March 10, 2008

Buell-Wilson v. Ford—Court of Appeal Says Ford Waived Due Process Protections Against Excessive Punitive Damages

Today's opinion from the Fourth Appellate District, Division One, in San Diego holds Ford waived any claim to a new trial based on its argument that that the jury improperly imposed punitive damages to punish Ford for harm caused to nonparties.

In the third of three recent California appellate decisions to confront the fallout from the United States Supreme Court's opinion in Philip Morris USA v. Williams (2007) 166 L.Ed.2d 940, 127 S.Ct. 1057 (see our earlier post on Bullock v. Philip Morris and our post on Holdgrafer v. Unocal), the court summarized its views as follows in the introduction to its decision:

"Philip Morris holds that upon request, courts must adopt procedures to ensure juries do not punish defendants for harm caused to third parties when determining the amount of punitive damages to award. The Supreme Court also reiterated, however, juries could consider harm to third parties in determining the reprehensibility of a defendant's conduct.

"Ford asserts that based on Philip Morris it is entitled to a new trial (or at least a further reduction in the punitive damages award) because there is a "significant risk" the punitive damages verdict in this case was based on improper evidence and arguments concerning third party harm. Ford also asserts that we should reconsider our original decision's rejection of its arguments that (1) California's punitive damages statute (Civil Code section 3294) is unconstitutionally vague as applied to this case, and (2) the trial court erred in excluding its industry custom and practice evidence.
"Based on our analysis of Philip Morris and our review of our original decision and the proceedings in the trial court, we conclude Philip Morris does not compel a reversal or a further reduction of the punitive damages awarded in this case. Ford has forfeited the right to assert there is a significant risk the punitive damages verdict in this case was based on improper evidence and arguments concerning third party harm because Ford (1) submitted incorrect and misleading jury instructions on third party harm; (2) did not timely object to plaintiffs' closing argument at the punitive damages phase of the trial; (3) did not request a limiting instruction during the liability phase of the trial; and (4) did not raise instructional error as an issue on its original appeal. We also conclude our original decision reduced the punitive damages award to a constitutionally permissible amount that does not punish Ford for harm to third parties. We hold there was no evidence or argument at trial that created a significant risk that the jury, in deciding the amount of punitive damages to award, punished Ford for harm it caused to third parties."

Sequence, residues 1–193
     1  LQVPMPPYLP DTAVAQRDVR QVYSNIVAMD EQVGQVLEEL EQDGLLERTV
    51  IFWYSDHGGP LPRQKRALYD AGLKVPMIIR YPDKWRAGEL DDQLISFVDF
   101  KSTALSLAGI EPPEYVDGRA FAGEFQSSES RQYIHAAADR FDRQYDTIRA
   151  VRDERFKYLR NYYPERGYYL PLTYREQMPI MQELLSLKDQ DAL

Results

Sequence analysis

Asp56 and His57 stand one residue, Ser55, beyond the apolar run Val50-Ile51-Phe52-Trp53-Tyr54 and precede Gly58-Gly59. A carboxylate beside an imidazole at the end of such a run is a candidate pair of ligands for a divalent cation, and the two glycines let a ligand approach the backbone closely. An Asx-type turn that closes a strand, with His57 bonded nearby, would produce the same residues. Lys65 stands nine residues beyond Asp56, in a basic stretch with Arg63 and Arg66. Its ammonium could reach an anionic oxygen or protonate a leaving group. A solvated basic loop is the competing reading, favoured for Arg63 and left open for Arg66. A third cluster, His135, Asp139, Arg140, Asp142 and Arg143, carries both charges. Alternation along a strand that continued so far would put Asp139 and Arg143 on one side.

One reason the court gave for holding Ford could and should have proposed a better jury instruction during the 2004 trial in this product liability case is kind of interesting: in an earlier case (White v. Ford Motor Co. (9th Cir. 2007) 500 F.3d 963), the company offered an instruction that the court believed more accurately presaged the 2007 Philip Morris v. Williams decision. From this, the court in Buell-Wilson concluded:

"Here, counsel for Ford was aware during the 2004 trial that United States Supreme Court and California precedent provided that, in determining the reprehensibility of a defendant's conduct, juries could consider (1) whether the defendant's conduct demonstrated an indifference or reckless disregard for the health or safety of others; and (2) whether a defendant's actions were repeated or an isolated act that only impacted the plaintiff, both factors relating to third party harm. (State Farm, supra, 538 U.S. at p. 419; Simon, supra, 35 Cal.4th at p. 1180.) As discussed, ante, Ford argued against giving such an instruction to the jury and instead proposed a jury instruction that would have forbidden the jury from considering these factors."

One other interesting note is that the court did not see any need for a retrial on punitives even though both the trial court and the court of appeal found both compensatory and punitive elements of the jury's verdict to be excessive - by tens of millions of dollars. Finding that plaintiff's Ford Explorer was defectively unstable, that it lacked sufficient roof strength, and that Ford failed to warn plaintiff of these defects, the jury awarded plaintiff over $109 million in compensatory damages, including $105 million in noneconomic damages. The jury also awarded plaintiff’s husband $5 million for loss of consortium. The jury further found that Ford acted with oppression, fraud, or malice, and awarded $246 million in punitive damages. The trial court reduced plaintiff’s noneconomic damages award to $65,393,996 and reduced the punitive damages to $75 million, a one-to-one ratio to the total compensatory damages. On appeal, the court further reduced the damages, concluding that the jury’s compensatory award resulted from passion and prejudice, and ordering a remittitur of the noneconomic damages to $18 million, roughly four times the economic damages. Finally, the court reduced the punitive damages to $55 million, which represents about twice the amount of compensatory damages awarded, after reduction by the trial and appellate courts. It's notable that, with the jury's damages findings so thoroughly discredited, the court decided to come up with a new number on its own rather than sending the whole thing back for a retrial untainted by legal error, passion and prejudice, and so forth.

The net result? A total reduced award to the Wilsons of $82,606,004 ($4,606,004 in economic damages + $18 million in noneconomic damages + $5 million in loss of consortium + $55 million in punitive damages).